The zero compensating signal is developed by digitally forming and storing a signal to be converted into the compensating signal, thereby minimizing errors arising from drift in the zero compensating signal itself. The means developing the zero compensating signal is arranged to produce a clock train, to digitally count the clock pulses and to generate an analog output signal varying with the digital count, to detect a prescribed comparison between the analog signal and the input measurement signal absent the filament, and to stop the clock pulse count when the prescribed comparison is detected. The digital count and associated analog output signal thus become fixed at a level related to the amount of accumulated signal drift in the capacitive sensor.
The gain compensating signal is also digitally formed and stored, thereby minimizing errors arising from drift in the gain compensating signal itself. The circuit for developing the gain compensating signal is arranged to apply an unbalanced drive to the bridge, to produce a clock pulse train, to digitally count the clock pulses and to adjust the gain of the measurement signal. The circuit detects a predetermined comparison between the gain-adjusted measurement signal and a standardized signal, and stops the clock pulse count when the comparison is detected. The digital count thus becomes fixed at a level related to the amount of accumulated drift in gain of the capacitive sensor and, along with the zero compensating signal, provides subsequent accurate absolute measurements.
In a further aspect of the invention, the means developing the compensating signals continuously receives the filament measurement signal and has means for detecting variations in the measurement signal corresponding to removal of the filament from the capacitive sensor, so that each time the filament is removed a new compensating signal will be developed automatically. The foregoing arrangement thus permits signal drifts arising from contaminants in the sensor head to be compensated very rapidly, automatically, and without requiring the sensor head to be removed from service for a significant time or to be cleaned except at considerably extended intervals, if at all.
Other objects, aspects and advantages of the invention will be pointed out in, or apparent from, the detailed description hereinbelow, considered together with the following drawings.
FIG. 1 is a schematic perspective view showing portions of a capacitive filament monitoring system in operation;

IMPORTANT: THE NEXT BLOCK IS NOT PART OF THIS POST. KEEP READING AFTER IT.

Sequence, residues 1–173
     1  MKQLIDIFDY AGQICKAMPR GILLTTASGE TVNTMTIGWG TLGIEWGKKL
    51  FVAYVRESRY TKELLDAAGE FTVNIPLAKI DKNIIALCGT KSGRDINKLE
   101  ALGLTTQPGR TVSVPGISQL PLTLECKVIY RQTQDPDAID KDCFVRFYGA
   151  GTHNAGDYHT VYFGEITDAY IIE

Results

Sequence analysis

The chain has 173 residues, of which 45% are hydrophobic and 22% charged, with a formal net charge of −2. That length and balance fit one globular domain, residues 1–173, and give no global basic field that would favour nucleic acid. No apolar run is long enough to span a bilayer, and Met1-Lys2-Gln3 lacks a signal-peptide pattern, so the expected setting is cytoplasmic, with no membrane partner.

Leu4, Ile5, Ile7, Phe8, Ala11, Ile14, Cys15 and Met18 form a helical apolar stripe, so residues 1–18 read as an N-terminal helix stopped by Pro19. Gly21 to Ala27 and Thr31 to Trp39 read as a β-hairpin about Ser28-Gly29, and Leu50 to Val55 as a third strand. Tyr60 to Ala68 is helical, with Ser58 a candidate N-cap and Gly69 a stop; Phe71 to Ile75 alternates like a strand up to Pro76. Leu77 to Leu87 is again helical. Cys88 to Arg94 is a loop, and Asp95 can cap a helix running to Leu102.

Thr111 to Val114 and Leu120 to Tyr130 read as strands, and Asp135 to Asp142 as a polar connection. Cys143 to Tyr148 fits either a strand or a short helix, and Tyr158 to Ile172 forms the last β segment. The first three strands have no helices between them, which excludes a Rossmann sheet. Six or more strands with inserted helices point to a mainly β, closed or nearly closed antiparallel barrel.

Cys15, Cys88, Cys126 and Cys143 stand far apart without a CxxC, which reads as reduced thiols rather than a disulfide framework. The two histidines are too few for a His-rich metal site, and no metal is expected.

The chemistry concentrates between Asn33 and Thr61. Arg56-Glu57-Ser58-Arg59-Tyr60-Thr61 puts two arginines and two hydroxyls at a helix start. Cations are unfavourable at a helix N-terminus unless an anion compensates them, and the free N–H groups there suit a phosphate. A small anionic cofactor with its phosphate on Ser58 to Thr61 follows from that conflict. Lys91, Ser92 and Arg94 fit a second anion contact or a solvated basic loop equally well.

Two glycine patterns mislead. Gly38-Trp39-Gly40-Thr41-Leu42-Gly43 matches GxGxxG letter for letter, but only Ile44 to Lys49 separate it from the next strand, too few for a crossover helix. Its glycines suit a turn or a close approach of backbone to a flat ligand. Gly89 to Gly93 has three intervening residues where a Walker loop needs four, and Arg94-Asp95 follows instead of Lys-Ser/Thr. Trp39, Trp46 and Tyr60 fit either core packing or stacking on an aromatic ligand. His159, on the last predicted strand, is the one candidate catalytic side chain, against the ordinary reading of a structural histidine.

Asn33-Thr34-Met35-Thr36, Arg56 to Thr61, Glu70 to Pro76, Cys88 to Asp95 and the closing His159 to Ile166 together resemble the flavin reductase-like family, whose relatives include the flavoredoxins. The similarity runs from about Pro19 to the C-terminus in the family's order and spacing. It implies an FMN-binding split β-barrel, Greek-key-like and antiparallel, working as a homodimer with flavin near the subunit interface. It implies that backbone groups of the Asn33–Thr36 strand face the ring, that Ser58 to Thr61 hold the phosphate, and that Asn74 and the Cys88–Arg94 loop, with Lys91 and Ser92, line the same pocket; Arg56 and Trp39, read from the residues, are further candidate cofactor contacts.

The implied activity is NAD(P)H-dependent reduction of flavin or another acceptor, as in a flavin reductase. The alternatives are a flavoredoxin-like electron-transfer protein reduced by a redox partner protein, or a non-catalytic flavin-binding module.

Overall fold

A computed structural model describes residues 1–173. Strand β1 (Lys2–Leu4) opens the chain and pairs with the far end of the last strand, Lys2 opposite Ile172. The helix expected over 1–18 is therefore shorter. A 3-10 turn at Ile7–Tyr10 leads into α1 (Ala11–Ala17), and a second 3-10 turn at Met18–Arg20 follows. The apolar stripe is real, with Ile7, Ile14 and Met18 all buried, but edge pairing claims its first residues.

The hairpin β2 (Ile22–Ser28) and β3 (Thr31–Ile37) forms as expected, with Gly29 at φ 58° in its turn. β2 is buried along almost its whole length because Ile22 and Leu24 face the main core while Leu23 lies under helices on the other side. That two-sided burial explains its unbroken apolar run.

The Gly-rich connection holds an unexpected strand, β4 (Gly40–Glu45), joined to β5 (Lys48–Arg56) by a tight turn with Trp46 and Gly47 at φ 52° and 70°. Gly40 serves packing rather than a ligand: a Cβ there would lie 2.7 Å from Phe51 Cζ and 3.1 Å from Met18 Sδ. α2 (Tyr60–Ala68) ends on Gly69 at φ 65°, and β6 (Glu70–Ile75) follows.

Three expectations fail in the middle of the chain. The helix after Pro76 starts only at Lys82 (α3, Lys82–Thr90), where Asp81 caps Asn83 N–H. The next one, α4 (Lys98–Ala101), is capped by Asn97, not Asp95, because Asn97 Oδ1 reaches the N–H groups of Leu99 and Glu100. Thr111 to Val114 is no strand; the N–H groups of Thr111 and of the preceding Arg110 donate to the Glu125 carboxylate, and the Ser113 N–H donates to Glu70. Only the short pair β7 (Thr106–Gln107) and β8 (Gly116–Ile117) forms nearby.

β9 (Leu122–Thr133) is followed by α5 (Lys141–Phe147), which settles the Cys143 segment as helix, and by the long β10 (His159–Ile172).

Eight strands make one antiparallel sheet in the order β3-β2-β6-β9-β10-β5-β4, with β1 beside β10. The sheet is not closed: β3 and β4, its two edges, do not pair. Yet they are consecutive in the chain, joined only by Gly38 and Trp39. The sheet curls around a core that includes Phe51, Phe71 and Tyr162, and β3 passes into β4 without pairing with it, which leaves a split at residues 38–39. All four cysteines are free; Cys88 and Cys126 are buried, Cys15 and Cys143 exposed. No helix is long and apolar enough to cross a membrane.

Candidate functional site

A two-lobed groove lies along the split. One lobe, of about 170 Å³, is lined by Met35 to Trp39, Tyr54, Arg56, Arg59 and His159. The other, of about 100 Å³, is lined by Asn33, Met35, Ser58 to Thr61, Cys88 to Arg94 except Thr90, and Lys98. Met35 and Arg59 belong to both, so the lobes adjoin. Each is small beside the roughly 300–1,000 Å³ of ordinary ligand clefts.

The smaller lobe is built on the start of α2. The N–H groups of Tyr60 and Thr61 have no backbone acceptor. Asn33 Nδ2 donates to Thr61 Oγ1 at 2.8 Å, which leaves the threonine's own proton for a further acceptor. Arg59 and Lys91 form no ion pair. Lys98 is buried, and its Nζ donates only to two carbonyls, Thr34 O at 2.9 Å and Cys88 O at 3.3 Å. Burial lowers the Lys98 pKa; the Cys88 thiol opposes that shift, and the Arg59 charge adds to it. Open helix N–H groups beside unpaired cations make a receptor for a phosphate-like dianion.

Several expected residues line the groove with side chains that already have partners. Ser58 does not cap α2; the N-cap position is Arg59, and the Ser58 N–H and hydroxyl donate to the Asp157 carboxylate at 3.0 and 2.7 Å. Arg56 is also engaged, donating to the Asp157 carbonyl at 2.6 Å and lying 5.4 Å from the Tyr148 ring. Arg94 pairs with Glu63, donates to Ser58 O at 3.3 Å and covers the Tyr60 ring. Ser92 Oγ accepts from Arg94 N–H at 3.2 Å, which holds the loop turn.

FIG. 2 is a schematic view of a capacitive filament monitoring system in accordance with the present invention;
FIG. 3 is a schematic diagram of a circuit for developing a zero compensating signal to compensate for measurement signal drift in accordance with the present invention;
FIG. 4 is a graph of wave forms at selected points in the circuit of FIG. 3;
FIG. 5 is a schematic diagram illustrating details of the embodiment of FIG. 3;
FIG. 6 is a schematic diagram of a circuit for developing both a zero compensating signal and a gain compensating signal for compensating for measurement signal drift in accordance with the present invention;
FIG. 7 is a graph of wave forms at selected points in the circuit of FIG. 6; and
FIG. 8 is a schematic diagram illustrating details of the embodiment of FIG. 6.
A capacitive measurement and monitoring system 10 arranged in accordance with the present invention to compensate for measurement signal drift arising from variations in the capacitive sensor is shown in FIG. 2. As diagrammatically illustrated, system 10 utilizes a sensor head forming a capacitance bridge 12 which is driven by a signal generator 14 to provide signals first to a differential amplifier 16 and then to a demodulator 18 in the manner described in U.S. Pat. No. 3,879,660. Briefly, in such an arrangement the filament F passes between opposed capacitors C1 and C3 of the capacitance bridge 12. Signal generator 14 applies sinosoidal signals φ1 and φ2, which are 180° out of phase, to bridge input terminals 12a and 12b. At bridge output terminals 12c and 12d there appear signals 180° out of phase with amplitudes proportional to the difference between the capacitance associated with capacitors C1 and C3 and the capacitance associated with capacitors C2 and C4. The signals at terminals 12c and 12d are applied to the plus and minus inputs of the differential amplifier 16, to produce an output with an amplitude proportional to the difference in the capacitance associated with the two sets of capacitors C1, C3 and C2, C4 (i.e., a signal modulated by the capacitive characteristics of filament F). The output from differential amplifier 16 is applied to demodulator 18 together with signal φ2 from generator 14, to yield a demodulated dc signal at terminal 18a which is proportional to the difference in capacitance associated with the capacitor pairs C1, C3 and C2, C4. Since capacitors C1 through C4 are physically identical, the signal at terminal 18a is an absolute measurement of a capacitance of filament F. However, as contaminants build up in capacitors C1 through C4, the filament measurement signal at the demodulator output 18a will drift and no longer accurately represent the characteristic, such as denier, of filament F that is to be monitored.